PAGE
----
“The manager’s job is not to create a rock and a hard place. The manager’s job is to negotiate for a contract that can be brought to the Council that can be adopted with minimal changes, if any are needed at all.”  – Mayor Kirk Watson

Both ordinances on the May 6 ballot are called the Austin Police Oversight Act. The first one was sponsored by the justice advocacy coalition Equity Action. It would achieve many of the oversight goals the city claims to support by codifying them in city ordinance. Council will place the other ordinance on the ballot at its meeting today, Feb. 9; this one was sponsored by APA, through a front group named Voters for Oversight and Police Accountability, which used deceptive tactics to gather signatures in support of its ordinance. The VOPA ordinance was written to mimic the Equity Action ordinance, but waters it down in several critical ways.

Even with these dynamics in play, Cronk has thus far resisted calls to seek a short-term contract extension. In a memo published Feb. 6, he urged Council to let his negotiation team continue working toward a four-year deal before March 31. He wrote that the city's primary goals with a new contract remain strengthening civilian oversight over APD by "incorporating as many of the principles from" Equity Action's APOA as possible and addressing APD's "very significant staffing needs for retaining current officers and recruiting high quality new officers." Cronk argues that a short-term extension of the contract would weaken police oversight "in the long run and undo the very significant gains that the City and our community stakeholders have worked to achieve over the past 20 years."

This line of reasoning is premised on the idea that if the city and APA fall out of contract now, a new contract would never be signed again, and only the even more limited civilian oversight allowed under Texas civil service law could remain. But history suggests otherwise: In 2017, justice advocates pushed Council to, for the first time ever, reject a staff-and-APA-approved police contract. Ten months later, Council approved a contract that included much stronger police oversight provisions.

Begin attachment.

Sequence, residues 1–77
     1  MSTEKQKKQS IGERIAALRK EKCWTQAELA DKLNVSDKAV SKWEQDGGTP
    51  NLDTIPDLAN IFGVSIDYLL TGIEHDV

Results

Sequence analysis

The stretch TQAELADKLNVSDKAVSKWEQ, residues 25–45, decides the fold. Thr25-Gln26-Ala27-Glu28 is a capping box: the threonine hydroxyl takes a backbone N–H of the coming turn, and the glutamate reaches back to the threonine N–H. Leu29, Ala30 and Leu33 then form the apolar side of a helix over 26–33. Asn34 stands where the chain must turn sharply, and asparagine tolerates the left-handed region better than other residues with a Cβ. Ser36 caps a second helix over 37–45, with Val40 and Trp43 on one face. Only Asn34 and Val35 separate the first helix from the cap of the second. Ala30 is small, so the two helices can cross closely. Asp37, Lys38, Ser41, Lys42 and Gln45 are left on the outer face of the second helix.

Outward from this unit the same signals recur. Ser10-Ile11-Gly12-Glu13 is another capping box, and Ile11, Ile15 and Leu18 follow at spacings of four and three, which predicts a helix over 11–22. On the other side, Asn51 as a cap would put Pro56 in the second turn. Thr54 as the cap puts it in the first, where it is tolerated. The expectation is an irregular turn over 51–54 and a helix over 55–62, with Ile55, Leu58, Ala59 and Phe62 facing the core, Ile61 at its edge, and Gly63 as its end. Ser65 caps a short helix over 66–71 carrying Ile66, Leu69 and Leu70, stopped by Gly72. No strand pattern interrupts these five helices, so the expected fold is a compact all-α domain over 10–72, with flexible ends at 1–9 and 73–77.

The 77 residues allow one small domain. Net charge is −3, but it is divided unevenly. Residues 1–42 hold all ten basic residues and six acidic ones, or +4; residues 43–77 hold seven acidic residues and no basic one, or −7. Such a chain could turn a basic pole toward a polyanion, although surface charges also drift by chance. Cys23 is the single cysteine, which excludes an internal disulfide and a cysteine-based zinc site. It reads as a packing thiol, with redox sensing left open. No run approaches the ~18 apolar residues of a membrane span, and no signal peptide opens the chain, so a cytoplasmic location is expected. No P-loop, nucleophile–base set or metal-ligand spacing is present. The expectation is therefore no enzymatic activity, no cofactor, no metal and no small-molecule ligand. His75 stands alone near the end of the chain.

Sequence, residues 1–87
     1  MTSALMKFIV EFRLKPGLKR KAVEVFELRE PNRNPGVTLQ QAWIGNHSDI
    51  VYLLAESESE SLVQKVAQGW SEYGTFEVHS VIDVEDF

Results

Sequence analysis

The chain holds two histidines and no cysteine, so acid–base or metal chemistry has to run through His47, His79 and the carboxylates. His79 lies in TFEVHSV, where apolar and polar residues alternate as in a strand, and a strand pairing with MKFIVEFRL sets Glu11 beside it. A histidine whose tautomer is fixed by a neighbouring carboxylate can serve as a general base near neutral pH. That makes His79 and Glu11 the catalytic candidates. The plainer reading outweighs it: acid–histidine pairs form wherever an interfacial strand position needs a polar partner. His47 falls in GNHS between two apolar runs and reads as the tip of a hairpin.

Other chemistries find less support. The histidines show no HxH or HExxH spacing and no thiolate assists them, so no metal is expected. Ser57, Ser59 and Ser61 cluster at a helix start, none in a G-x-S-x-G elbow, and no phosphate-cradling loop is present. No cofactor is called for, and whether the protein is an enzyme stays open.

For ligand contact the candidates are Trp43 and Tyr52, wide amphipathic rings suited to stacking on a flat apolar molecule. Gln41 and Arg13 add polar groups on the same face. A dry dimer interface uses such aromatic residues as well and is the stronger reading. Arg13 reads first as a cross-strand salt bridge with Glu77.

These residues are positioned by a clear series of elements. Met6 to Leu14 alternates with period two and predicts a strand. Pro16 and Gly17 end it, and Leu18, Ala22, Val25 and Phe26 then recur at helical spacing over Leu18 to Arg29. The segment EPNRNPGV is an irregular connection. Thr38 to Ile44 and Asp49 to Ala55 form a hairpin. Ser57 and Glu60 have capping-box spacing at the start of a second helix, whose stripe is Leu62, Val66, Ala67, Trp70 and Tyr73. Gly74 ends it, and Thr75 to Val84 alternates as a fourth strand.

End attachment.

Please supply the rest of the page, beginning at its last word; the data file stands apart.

Cronk's apocalyptic scenario also undersells how much Austin police officers would lose should they fall out of contract permanently. Cronk himself would have full control over wage increases, which would be perilous territory for APA as the city steels for economic contraction and growing budget deficits. With a contract, officers would be guaranteed raises over the next four years, unlike other city employees. Without a contract, the stipends paid to officers for participating in the Field Training Officer program, for obtaining mental health response certification, for speaking languages other than English, and for working evening and weekend shifts would be reduced or eliminated entirely.

"I do not want to see civilian oversight weakened in Austin, nor do I want to impair APD's ability to attract and retain the best police department in Texas," Cronk concludes in the memo. "I understand and respect the political dynamics involved with this situation, and I join you in honoring the ballot initiative process as an expression of the will of Austin residents."